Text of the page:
I suppose hypocrisy is so easy to spot in others because it’s something pretty much all of us are guilty of. A man in the church passes judgement on the young folks for not tithing, and yet his offerings always come with strings attached. A Sunday School teacher gossips about a young mother for not taking her children to Sunday School, and yet never prays for or reaches out to the woman. A family stands out on a street corner protesting same-sex marriage, and yet their own marriage, rife with infidelity, deceit, and superficiality, looks nothing like their stated “biblical model” of marriage. An alcoholic looks down on a drug addict. A compulsive gambler says a pedophile lacks self control. Hypocrisy is everywhere. Throw a rock in any direction – you’ll likely hit a hypocrite. We’re all walking this earth with logs in our eyes. Continue reading
I admitted something to my wife the other day that took me a long time to be able to admit to myself:
Facebook isn’t fun anymore.
It used to be a place for you to re-connect with old classmates, network with current connections, and paint a picture for the world to see how cool you are. But now, amidst the sea of parental overshare and the seemingly unfettered onslaught of unsolicited opinions, nobody seems to walk away from a newsfeed reading without at least a slight increase in blood pressure. Continue reading
As a parent of a three-year-lld, I’m learning a thing or two about tough love. My daughter has a way of making me feel like an awful person when, after having a frank conversation with her father about coloring on the wall, she cries and says “It’s all my fault!” When I exercise my parental authority in the home, and the outcome is anything less than sunshine and butterflies, it can be hard to feel as though I’ve done a good thing.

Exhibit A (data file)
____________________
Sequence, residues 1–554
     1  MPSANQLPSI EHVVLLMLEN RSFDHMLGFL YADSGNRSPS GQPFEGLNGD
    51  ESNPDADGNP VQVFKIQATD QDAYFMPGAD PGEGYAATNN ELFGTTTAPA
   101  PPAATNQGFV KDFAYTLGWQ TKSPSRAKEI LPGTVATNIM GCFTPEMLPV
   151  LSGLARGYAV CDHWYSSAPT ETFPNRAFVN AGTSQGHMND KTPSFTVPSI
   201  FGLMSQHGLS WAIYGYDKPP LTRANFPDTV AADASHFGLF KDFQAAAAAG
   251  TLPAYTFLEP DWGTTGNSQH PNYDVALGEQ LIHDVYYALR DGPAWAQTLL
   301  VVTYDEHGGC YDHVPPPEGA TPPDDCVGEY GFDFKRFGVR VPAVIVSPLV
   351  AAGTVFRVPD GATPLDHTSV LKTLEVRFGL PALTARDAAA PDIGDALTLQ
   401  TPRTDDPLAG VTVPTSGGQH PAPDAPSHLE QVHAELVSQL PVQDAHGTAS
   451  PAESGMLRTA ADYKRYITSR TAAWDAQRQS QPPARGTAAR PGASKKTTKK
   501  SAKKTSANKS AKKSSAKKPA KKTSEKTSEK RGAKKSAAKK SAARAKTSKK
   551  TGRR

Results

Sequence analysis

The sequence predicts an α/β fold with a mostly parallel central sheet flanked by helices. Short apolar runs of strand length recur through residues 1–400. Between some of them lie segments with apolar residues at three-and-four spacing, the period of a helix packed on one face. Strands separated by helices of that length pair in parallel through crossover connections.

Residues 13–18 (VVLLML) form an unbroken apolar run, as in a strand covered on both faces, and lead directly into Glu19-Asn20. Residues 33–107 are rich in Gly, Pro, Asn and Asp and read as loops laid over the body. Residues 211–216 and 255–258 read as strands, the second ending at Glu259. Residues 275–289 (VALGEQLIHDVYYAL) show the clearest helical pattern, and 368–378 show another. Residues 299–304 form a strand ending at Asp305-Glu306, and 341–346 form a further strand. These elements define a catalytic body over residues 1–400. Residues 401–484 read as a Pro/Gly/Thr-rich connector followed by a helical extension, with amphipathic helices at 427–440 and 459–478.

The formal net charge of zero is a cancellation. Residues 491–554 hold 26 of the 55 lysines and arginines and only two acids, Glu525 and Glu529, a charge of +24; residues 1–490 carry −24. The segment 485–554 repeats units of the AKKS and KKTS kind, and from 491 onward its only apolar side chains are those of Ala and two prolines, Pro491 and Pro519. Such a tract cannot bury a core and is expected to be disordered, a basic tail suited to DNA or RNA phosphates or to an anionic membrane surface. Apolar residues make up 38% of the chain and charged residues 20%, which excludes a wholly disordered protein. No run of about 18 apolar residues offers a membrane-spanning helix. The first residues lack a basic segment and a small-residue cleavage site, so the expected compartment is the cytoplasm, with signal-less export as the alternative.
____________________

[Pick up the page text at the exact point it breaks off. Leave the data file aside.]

Pastoral efforts produce similar feelings. There have been times while in ministry where I have had to engage in difficult conversations with folks over varying issues, often related to certain behaviors. It comes with the job. Whether I’m on the giving or receiving end, frank conversations about behavior are never, ever accompanied with sunshine and butterflies. To be sure, we can never claim responsibility for the choices made by other people. But we can (and should) refuse to let a person engage in destructive behavior if there is anything we can do to help. “Here’s where your behavior will lead you.” “What you’re experiencing now is the result of [insert destructive behavior here].” This is the approach that God tends to take with us, a sinful creation, and it is the approach described in Romans 1:24-2:2. Continue reading
Life’s events have a way of showing us where improvement is needed. Like a stress test, we’re often put into situations where our limits are tested, and in the end we are able to determine our own stability, breaking points, and vulnerability. Sort of like how my house was put to the test against burglars this last Labor Day afternoon.
My wife and I took the kids and one of our dogs (the one that doesn’t get car sick) out to the park for a two-hour outing, only to come home and find that people had been inside our home. Those of you who have had this experience know the feelings of fear, violation, anger, and confusion that come with finding out you’ve been burglarized. Luckily, most of what they took can be replaced. But the pictures from the recent birth of my son cannot. To say the least, a home burglary is quite the stress test on a person who wants to keep his family safe and secure, and I think I’ve found the points of vulnerability in both my house and my character as a result. Continue reading